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Workshop Articles   |    
Lumbar Disc Disorders and Low-Back Pain: Socioeconomic Factors and Consequences
Jeffrey N. Katz, MD, MSc
View Disclosures and Other Information
In support of his research for or preparation of this manuscript, the author received grants from the National Institutes of Health (National Institute of Arthritis and Musculoskeletal and Skin Diseases, grants K24 AR02123 and P60 AR47782). The author did not receive payments or other benefits or a commitment or agreement to provide such benefits from a commercial entity. No commercial entity paid or directed, or agreed to pay or direct, any benefits to any research fund, foundation, educational institution, or other charitable or nonprofit organization with which the author is affiliated or associated.

The Journal of Bone and Joint Surgery, Incorporated
J Bone Joint Surg Am, 2006 Apr 01;88(suppl 2):21-24. doi: 10.2106/JBJS.E.01273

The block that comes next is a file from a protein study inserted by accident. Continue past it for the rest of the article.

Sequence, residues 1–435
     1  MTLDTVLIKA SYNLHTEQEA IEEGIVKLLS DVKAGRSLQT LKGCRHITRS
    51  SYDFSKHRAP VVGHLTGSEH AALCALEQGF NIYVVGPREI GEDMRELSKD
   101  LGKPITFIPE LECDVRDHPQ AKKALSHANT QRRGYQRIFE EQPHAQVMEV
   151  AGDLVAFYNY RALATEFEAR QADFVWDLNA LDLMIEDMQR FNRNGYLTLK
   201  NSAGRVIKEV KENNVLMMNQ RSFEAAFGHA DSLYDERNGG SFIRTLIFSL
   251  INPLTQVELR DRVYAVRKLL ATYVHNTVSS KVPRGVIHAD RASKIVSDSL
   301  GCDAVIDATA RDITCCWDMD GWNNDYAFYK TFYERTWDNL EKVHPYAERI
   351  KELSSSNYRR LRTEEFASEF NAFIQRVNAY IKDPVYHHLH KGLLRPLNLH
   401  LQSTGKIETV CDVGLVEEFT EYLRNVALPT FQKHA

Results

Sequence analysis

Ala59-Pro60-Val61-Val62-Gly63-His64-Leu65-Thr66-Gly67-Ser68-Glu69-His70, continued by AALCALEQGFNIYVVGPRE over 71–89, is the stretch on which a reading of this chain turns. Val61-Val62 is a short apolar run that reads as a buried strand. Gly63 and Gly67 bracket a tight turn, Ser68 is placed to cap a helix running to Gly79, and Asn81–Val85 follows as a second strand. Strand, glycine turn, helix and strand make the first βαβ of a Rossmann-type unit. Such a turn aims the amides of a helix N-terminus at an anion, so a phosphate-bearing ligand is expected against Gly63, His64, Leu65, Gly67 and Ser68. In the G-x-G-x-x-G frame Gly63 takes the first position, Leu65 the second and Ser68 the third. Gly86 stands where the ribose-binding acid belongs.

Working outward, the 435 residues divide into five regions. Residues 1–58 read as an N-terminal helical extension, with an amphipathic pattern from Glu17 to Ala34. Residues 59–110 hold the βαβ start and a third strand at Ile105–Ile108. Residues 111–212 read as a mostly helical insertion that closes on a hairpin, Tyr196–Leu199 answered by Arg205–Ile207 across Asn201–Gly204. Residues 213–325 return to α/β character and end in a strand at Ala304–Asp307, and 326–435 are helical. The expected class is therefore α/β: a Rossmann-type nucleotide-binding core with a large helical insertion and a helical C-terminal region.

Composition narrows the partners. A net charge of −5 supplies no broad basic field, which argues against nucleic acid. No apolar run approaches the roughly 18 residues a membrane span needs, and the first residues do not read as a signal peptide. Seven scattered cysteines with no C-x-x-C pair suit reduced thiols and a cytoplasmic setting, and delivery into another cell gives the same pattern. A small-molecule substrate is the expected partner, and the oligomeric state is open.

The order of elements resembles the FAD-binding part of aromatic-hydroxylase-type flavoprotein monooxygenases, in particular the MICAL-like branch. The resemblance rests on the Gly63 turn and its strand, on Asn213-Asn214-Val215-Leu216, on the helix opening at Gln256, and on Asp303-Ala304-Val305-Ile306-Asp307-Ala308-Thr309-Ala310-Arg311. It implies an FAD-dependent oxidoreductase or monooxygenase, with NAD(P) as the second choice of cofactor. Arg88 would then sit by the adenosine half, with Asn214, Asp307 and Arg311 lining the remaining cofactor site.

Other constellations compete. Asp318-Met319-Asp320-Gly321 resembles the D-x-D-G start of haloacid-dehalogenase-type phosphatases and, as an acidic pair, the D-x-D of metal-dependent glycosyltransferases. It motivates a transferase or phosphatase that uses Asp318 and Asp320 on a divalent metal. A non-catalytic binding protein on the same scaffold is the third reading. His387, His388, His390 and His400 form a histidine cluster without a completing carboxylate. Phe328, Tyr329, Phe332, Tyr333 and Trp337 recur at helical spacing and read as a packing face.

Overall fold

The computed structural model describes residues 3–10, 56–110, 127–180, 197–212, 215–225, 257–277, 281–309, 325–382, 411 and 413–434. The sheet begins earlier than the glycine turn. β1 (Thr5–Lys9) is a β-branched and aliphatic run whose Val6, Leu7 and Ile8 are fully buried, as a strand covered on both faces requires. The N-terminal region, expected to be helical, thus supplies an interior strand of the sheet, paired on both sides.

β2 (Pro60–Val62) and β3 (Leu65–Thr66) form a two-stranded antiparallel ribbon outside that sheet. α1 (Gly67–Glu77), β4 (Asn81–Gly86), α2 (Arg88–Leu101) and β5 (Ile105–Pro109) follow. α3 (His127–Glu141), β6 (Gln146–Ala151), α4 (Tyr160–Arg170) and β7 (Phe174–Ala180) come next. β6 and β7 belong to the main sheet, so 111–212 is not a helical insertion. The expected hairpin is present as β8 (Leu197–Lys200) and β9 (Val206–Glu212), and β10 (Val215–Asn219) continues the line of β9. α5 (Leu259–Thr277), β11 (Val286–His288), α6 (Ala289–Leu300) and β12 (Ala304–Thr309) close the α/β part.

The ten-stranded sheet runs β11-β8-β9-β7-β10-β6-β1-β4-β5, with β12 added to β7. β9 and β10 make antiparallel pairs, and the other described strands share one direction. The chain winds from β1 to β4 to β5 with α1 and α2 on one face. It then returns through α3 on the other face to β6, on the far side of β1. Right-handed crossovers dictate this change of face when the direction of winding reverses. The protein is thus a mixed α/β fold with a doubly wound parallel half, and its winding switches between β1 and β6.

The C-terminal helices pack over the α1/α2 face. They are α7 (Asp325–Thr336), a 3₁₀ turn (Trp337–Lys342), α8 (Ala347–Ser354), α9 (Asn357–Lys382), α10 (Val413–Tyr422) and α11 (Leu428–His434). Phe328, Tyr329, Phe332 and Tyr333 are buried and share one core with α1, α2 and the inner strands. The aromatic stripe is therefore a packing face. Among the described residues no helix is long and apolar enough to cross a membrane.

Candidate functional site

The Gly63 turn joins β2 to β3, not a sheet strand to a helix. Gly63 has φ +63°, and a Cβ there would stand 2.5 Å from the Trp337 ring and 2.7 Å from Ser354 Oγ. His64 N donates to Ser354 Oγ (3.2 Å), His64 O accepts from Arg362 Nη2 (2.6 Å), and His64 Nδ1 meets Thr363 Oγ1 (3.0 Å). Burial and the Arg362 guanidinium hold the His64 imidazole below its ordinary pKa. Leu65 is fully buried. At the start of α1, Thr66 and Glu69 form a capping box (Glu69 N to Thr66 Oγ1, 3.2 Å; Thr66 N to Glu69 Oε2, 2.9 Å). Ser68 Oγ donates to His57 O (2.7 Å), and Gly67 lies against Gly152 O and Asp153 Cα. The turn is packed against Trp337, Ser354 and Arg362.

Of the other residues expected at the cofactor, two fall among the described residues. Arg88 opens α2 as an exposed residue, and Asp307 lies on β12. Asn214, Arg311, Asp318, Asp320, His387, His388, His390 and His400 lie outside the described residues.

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Abstract

Socioeconomic factors are important risk factors for lumbar pain and disability. The total costs of low-back pain in the United States exceed $100 billion per year. Two-thirds of these costs are indirect, due to lost wages and reduced productivity. Each year, the fewer than 5% of the patients who have an episode of low-back pain account for 75% of the total costs. Because indirect costs rely heavily on changes in work status, total costs are difficult to calculate for many women and students as well as elderly and disabled patients. These methodologic challenges notwithstanding, the toll of lumbar disc disorders is enormous, underscoring the critical importance of identifying strategies to prevent these disorders and their consequences.

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    These activities have been planned and implemented in accordance with the Essential Areas and policies of the Accreditation Council for Continuing Medical Education (ACCME) through the joint sponsorship of the American Academy of Orthopaedic Surgeons and The Journal of Bone and Joint Surgery, Inc. The American Academy of Orthopaedic Surgeons is accredited by the ACCME to provide continuing medical education for physicians.
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